What Sister Serrao, Hawaii's Mother of the Year, means is that she uses her talents to serve others as a mother, an "auntie" and a Latter-day Saint.
She worked full-time as a civil engineering technician for 30 years. She has served in almost every capacity in the Church, including in the stake as Young Women and Relief Society president. She made flowers for prom, planned activities in the Aiea Ward and chaperoned all the school dances.
Her oldest daughter wrote, "My mom works, takes care of us, serves in our local Church congregation and still has time to be on the PTA."
The family stayed focused on the eternal through weekly temple attendance. Sister Serrao encourages other women to strengthen their family by doing the same. She remembers the joy of her former "young woman," now married with two children, who told her how taking this advice was helping her family. "Auntie, we're still doing it," she said.
Sister Serrao's faith in the Lord and the blessings of the temple sustain her as she moves to a new stage in her life as a grandmother. Her first grandson, Jonathan, whom she "just loves and adores" was born this year.
"It's hard to be an empty nester and let go of the baby chicks," she said. "But that's exactly what we've prepared them for. Heavenly Father will take care of them. He always has."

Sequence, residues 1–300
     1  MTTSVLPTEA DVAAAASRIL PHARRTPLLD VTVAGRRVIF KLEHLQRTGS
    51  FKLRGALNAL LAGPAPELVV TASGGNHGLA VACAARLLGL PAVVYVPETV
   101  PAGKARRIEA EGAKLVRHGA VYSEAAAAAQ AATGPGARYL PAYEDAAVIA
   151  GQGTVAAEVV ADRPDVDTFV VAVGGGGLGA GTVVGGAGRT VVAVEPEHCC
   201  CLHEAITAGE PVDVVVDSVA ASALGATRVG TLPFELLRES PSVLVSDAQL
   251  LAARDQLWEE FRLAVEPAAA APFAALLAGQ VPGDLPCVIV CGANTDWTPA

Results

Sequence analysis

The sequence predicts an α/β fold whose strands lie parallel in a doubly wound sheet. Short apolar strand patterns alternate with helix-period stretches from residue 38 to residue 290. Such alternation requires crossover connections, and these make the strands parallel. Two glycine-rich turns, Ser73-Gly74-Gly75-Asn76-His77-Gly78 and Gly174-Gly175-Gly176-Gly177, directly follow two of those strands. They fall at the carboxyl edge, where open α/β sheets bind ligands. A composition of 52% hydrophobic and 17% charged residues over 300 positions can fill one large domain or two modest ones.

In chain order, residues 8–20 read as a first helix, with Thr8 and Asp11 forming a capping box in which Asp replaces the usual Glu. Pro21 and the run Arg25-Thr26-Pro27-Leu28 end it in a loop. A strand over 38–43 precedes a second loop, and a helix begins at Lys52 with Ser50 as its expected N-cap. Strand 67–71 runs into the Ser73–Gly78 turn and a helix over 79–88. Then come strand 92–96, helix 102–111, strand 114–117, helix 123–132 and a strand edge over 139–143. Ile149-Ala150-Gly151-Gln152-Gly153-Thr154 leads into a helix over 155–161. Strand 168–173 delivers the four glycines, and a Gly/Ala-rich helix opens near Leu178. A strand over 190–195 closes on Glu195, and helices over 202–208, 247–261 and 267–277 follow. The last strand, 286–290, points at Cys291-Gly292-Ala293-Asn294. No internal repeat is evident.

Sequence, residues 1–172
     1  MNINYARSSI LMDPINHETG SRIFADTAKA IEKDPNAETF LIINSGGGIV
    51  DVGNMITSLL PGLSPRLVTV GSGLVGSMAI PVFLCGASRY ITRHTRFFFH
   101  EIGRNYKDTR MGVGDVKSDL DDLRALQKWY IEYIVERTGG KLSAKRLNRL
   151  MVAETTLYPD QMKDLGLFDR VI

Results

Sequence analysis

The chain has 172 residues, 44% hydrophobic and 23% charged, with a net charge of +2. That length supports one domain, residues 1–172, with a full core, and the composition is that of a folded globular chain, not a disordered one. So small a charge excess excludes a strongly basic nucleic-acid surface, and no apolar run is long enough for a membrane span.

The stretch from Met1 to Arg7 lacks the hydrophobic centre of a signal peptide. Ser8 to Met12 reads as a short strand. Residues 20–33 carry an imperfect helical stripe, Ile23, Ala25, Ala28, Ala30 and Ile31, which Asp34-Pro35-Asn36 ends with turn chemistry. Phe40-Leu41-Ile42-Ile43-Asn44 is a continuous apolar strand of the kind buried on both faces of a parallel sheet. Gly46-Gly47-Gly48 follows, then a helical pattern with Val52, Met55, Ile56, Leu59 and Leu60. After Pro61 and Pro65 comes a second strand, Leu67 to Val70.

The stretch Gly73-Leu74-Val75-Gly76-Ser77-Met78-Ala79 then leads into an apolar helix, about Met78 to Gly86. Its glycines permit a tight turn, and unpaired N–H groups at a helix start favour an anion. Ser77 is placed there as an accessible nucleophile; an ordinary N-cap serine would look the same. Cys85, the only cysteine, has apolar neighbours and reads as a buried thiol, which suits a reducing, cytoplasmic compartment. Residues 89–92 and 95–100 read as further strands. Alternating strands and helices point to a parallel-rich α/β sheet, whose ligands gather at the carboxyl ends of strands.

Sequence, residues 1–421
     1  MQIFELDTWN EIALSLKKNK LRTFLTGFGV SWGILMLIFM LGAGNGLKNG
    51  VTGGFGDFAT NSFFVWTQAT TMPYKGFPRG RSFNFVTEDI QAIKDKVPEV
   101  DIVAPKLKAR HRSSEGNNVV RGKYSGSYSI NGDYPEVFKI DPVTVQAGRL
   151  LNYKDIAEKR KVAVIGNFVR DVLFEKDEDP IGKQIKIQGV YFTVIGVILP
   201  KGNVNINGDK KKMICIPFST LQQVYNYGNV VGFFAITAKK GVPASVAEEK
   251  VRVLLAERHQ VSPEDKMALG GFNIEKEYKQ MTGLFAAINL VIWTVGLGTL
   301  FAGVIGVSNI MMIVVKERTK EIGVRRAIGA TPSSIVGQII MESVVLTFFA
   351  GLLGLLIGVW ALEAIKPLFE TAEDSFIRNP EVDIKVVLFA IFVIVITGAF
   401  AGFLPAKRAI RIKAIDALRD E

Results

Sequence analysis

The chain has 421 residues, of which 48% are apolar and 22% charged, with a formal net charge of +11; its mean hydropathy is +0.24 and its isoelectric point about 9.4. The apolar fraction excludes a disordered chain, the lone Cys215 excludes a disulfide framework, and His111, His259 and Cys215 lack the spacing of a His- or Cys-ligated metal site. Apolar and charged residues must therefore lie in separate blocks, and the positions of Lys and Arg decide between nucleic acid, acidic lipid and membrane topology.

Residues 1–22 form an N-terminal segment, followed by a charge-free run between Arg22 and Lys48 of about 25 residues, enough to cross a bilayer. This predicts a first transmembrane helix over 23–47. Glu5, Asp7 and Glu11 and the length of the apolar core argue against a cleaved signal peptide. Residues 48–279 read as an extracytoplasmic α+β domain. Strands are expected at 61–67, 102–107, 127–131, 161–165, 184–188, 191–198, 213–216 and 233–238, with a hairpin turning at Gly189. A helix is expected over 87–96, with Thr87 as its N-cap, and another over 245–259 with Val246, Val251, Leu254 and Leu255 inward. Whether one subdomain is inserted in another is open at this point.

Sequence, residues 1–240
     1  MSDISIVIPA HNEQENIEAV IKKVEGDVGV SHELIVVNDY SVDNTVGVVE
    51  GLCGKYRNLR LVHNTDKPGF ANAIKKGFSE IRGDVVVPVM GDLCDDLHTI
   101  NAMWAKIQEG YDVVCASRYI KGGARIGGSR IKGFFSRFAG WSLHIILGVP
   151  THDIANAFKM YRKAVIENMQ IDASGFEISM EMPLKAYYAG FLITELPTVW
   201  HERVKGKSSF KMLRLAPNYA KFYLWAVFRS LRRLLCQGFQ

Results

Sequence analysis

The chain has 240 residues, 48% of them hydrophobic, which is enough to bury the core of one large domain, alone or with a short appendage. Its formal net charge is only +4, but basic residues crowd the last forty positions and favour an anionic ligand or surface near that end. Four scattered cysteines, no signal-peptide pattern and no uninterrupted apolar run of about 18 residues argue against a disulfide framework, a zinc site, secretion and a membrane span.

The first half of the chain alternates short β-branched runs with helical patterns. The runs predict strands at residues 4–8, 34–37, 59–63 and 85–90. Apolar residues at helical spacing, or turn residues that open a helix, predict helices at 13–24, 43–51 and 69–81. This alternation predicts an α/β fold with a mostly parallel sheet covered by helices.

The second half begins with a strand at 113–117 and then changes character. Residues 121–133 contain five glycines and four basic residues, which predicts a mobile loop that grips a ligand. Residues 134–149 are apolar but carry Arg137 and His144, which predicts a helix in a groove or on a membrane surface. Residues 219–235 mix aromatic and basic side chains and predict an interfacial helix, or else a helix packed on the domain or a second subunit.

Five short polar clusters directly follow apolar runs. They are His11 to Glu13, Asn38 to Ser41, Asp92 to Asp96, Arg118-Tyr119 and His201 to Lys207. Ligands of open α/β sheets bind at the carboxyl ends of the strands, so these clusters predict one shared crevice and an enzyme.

With their youngest daughter at BYU, the Serraos have retired and are preparing to put in mission papers this year.
"It's been a very good journey so far and we're looking forward to a mission journey now," she said.
When she was baptized at age 24, she "was taught never to say no" to a call to serve, and she lives by that phrase.
The Serraos feel blessed that their children learned to appreciate and support their commitment to Church service, even when it involved sacrifice. "Sometimes Dad wasn't there, but it was OK because [our children] knew where he was," Sister Serrao explained. "We knew he was serving the Lord."
For the past 10 years, the Serraos have welcomed the young single adults into their home almost every week. In fact, their then 11-year-old daughter, Melanie, once protested at not being allowed to attend a YSA fireside.
"I'm more of a Young Single Adult than they are," Sister Serrao remembers her saying. "I've been in this program longer than they have."
All this, said Sister Serrao, is part of being a mother and a Latter-day Saint, a job that has its own rewards.
"I'm really pleased with the people they're becoming," she said of her children. "I'm not the only one doing all of this. All the good mothers out there are doing the same thing."